Symphony
AMERICAN CLASSICS SPARKLE UNDER KAHANEíS BATON
by Steve Osborn
Saturday, March 16, 2019
Jeffrey Kahane, the Santa Rosa Symphonyís former conductor, returned to the Weill Hall podium on Saturday night, and the results were expectedly wonderful. The concert of American classics was by turns playful (Gershwinís ďAn American in ParisĒ), emotional (Barberís violin concerto) and triumphant (...
Chamber
FLORESTAN TRIO'S MENDELSSOHN AT SPRING LAKE VILLAGE CONCERT
by Terry McNeill
Friday, March 08, 2019
Spring Lake Villageís monthly concerts usually clock in under an hour, but the March 8 Florestan Trioís performance was more extended as so much good music was on tap for the 125 residents attending at Santa Rosaís premiere retirement residence facility. Four short pieces made up the first half, be...
Chamber
TILDEN TRIO'S BOHEMIAN ENERGY AT DOMINICAN CONCERT
by Terry McNeill
Sunday, March 03, 2019
Hard on the heels of the Trio Navarroís late February concert in Sonoma Stateís Schroeder Hall, Northern Californiaís other premiere resident piano trio, the Tilden, played an equally convincing program March 3 in Dominican Universityís Angelico Hall. Clearly each hallís acoustics, stage pianos and...
Recital
24 SONGS IN A MENKE-THOMPSON RECITAL ODYSSEY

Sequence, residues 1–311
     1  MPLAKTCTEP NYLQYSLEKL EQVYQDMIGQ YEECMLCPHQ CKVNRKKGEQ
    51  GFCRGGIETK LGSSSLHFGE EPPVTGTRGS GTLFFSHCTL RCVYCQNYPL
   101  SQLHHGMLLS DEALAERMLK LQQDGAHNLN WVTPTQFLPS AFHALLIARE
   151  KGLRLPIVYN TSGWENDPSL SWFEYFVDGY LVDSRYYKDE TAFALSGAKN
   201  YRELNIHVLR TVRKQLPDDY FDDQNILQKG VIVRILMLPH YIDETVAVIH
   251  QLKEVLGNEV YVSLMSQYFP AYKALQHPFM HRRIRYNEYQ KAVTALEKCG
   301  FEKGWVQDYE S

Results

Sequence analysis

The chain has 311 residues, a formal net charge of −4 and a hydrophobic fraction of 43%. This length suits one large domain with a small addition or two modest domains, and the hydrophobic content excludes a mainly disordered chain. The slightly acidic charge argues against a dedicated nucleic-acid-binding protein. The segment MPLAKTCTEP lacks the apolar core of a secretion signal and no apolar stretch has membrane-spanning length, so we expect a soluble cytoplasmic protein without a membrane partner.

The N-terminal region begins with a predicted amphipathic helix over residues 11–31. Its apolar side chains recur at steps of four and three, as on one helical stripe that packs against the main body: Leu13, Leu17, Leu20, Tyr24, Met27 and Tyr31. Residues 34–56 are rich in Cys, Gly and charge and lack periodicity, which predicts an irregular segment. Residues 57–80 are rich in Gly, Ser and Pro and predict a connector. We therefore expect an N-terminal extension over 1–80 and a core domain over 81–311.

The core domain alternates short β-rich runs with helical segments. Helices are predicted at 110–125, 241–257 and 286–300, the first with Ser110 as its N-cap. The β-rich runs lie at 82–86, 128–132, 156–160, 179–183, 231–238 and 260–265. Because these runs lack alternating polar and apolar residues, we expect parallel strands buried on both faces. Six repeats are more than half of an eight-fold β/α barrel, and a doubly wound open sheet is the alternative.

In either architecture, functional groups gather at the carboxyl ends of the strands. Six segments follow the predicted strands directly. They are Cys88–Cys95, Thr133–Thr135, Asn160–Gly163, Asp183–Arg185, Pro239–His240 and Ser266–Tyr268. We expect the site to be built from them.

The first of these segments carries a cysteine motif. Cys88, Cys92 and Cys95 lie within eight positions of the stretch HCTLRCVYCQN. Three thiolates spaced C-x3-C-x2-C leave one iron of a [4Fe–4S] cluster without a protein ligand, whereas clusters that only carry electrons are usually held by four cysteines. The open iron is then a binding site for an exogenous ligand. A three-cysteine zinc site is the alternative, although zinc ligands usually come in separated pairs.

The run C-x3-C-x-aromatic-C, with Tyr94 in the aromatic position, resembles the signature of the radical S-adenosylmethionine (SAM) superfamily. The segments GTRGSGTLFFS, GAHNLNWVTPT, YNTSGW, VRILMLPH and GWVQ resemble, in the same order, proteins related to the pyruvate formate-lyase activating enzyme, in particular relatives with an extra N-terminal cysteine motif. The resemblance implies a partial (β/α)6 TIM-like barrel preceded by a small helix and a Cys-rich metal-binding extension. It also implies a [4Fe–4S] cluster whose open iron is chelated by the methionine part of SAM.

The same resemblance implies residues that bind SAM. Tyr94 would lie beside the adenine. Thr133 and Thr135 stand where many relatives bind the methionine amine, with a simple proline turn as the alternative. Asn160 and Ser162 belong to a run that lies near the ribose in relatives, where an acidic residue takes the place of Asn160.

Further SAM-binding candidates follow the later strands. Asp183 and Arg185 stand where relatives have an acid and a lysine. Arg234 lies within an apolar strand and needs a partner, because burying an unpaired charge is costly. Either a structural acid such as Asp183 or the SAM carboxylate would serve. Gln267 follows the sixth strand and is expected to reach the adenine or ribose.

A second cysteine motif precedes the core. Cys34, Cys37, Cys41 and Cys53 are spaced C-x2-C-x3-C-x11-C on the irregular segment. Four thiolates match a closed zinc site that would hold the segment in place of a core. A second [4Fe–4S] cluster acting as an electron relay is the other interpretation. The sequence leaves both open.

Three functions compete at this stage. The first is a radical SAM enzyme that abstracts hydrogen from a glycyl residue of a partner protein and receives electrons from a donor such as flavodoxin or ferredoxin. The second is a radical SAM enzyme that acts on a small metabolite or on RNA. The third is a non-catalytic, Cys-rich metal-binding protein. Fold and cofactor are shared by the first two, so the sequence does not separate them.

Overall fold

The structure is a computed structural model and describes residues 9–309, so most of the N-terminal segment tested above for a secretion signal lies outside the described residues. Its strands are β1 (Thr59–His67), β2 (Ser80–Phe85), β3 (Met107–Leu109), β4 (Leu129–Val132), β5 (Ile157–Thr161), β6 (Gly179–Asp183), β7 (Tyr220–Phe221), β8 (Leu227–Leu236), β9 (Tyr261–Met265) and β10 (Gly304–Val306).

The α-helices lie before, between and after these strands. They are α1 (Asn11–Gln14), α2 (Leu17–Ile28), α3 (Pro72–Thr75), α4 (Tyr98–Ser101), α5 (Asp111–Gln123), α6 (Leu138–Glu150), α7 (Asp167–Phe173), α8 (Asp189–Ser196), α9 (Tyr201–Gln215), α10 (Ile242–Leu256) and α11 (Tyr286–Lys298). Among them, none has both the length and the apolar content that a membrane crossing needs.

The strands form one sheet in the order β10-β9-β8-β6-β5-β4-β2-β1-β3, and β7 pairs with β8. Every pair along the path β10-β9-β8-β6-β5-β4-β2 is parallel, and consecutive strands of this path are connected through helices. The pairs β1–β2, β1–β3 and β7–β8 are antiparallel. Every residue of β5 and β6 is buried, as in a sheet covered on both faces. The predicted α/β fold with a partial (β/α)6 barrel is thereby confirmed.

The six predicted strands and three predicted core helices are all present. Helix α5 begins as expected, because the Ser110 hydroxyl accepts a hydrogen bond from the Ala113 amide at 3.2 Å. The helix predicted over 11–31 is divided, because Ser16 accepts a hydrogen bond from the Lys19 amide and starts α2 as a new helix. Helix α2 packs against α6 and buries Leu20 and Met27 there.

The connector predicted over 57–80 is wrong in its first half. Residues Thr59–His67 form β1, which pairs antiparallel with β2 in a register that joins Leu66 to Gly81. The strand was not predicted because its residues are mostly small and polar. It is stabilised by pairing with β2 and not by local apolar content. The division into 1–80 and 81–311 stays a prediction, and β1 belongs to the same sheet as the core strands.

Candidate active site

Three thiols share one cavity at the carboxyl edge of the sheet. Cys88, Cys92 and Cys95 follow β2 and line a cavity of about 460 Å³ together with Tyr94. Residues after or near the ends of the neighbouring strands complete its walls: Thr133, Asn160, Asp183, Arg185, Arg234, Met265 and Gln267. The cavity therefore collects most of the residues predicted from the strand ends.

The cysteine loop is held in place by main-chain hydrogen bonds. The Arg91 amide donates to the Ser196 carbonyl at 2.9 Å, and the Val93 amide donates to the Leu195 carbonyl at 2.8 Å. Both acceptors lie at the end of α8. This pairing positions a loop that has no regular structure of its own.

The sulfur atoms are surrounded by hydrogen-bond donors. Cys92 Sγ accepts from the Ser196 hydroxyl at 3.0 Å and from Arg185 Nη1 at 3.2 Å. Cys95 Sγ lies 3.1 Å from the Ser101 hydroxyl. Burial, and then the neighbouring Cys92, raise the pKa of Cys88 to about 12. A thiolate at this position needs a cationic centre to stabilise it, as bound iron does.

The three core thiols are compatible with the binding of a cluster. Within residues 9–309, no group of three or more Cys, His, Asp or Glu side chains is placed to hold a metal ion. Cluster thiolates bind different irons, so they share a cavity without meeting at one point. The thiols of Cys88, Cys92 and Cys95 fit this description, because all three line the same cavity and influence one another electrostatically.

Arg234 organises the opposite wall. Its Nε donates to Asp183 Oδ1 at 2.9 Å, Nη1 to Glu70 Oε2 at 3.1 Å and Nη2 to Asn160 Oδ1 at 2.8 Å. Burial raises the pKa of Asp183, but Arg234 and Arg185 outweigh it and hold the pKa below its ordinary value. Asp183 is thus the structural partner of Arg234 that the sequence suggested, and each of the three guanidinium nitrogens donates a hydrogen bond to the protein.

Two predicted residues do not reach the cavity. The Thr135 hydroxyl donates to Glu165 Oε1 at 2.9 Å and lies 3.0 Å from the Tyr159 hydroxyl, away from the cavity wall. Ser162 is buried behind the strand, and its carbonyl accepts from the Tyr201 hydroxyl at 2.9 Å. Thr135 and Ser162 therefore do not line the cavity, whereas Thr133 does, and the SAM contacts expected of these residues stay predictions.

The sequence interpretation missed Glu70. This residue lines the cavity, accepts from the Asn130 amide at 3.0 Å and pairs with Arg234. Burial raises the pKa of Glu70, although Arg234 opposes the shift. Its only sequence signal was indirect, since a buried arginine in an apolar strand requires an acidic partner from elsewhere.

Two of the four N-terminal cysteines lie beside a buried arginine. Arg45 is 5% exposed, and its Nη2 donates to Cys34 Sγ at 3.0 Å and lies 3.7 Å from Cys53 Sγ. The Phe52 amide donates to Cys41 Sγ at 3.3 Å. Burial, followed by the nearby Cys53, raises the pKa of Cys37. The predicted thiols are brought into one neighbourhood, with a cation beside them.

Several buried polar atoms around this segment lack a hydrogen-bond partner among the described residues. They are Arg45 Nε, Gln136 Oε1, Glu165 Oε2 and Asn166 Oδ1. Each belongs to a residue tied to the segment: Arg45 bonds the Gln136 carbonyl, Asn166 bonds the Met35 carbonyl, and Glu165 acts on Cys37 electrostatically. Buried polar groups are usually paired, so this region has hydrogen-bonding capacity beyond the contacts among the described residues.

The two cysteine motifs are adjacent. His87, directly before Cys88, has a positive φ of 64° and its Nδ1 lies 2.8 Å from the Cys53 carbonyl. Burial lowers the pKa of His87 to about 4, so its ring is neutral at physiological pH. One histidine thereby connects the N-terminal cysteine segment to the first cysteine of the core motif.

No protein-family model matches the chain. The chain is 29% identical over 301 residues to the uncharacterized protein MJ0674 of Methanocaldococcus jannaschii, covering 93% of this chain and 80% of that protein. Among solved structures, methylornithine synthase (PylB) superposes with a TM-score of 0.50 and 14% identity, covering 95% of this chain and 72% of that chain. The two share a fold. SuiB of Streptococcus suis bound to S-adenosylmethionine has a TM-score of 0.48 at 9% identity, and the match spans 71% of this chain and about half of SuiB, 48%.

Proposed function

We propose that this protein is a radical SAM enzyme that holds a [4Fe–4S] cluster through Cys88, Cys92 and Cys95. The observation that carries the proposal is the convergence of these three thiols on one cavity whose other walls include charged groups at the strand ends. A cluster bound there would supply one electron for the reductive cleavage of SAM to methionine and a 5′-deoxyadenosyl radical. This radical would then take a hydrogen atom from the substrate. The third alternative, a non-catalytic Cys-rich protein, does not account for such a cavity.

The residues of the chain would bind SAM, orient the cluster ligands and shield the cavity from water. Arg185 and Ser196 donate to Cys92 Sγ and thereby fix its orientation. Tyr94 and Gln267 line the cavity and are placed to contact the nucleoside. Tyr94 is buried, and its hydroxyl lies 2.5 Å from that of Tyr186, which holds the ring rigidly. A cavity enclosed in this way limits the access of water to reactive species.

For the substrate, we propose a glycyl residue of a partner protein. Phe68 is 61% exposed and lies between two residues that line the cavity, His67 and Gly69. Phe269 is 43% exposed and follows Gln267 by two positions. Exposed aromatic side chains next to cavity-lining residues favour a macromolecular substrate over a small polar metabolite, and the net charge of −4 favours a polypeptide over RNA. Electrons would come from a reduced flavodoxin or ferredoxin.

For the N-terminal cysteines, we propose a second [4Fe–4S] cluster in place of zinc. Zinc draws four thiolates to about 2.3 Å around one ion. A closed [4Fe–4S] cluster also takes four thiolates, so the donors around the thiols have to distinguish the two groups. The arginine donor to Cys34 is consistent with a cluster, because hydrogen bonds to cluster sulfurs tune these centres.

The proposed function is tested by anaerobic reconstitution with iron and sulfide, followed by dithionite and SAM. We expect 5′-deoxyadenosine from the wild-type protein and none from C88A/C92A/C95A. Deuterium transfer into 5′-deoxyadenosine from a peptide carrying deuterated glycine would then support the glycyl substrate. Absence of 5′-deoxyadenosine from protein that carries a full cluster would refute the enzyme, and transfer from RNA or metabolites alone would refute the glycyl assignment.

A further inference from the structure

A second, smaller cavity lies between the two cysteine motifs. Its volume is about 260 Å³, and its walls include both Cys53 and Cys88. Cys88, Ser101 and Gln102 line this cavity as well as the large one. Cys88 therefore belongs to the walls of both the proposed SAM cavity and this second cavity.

by Terry McNeill
Saturday, February 23, 2019
Sonoma County pop and country singing enjoys continued popularity but it rare to see a professional classical vocal concert announced. Diva Ruth Ann Swenson was once a local star, but she has long departed and not much virtuoso recital singing can be found in the North Bay. But the exception to th...
SYMPHONY REVIEW
Marin Symphony / Sunday, March 01, 2009
Of Britain, Bizet and Balanchine
Alasdair Neale, conductor
Jeremy Constant, violin
Marin Symphony Chorus
with guest pre-concert appearance by Katita Waldo, San Francisco Ballet

Jeremy Constant

CONSTANT BEAUTY AT MARIN SYMPHONY

by
Sunday, March 01, 2009

A stormy night did not seem to deter an enthusiastic Marin County audience March 1 from attending the fourth concert of the Marin Symphony 2008-2009 season. Marinís Civic Auditorium was nearly filled to capacity to hear the Orchestraís own concertmaster, violinist Jeremy Constant, and Marinís Symphony Chorus perform works by the English composer, Ralph Vaughan Williams (1872-1958), and Georges Bizetís (1838-1875) Symphony No. 1 in C Major.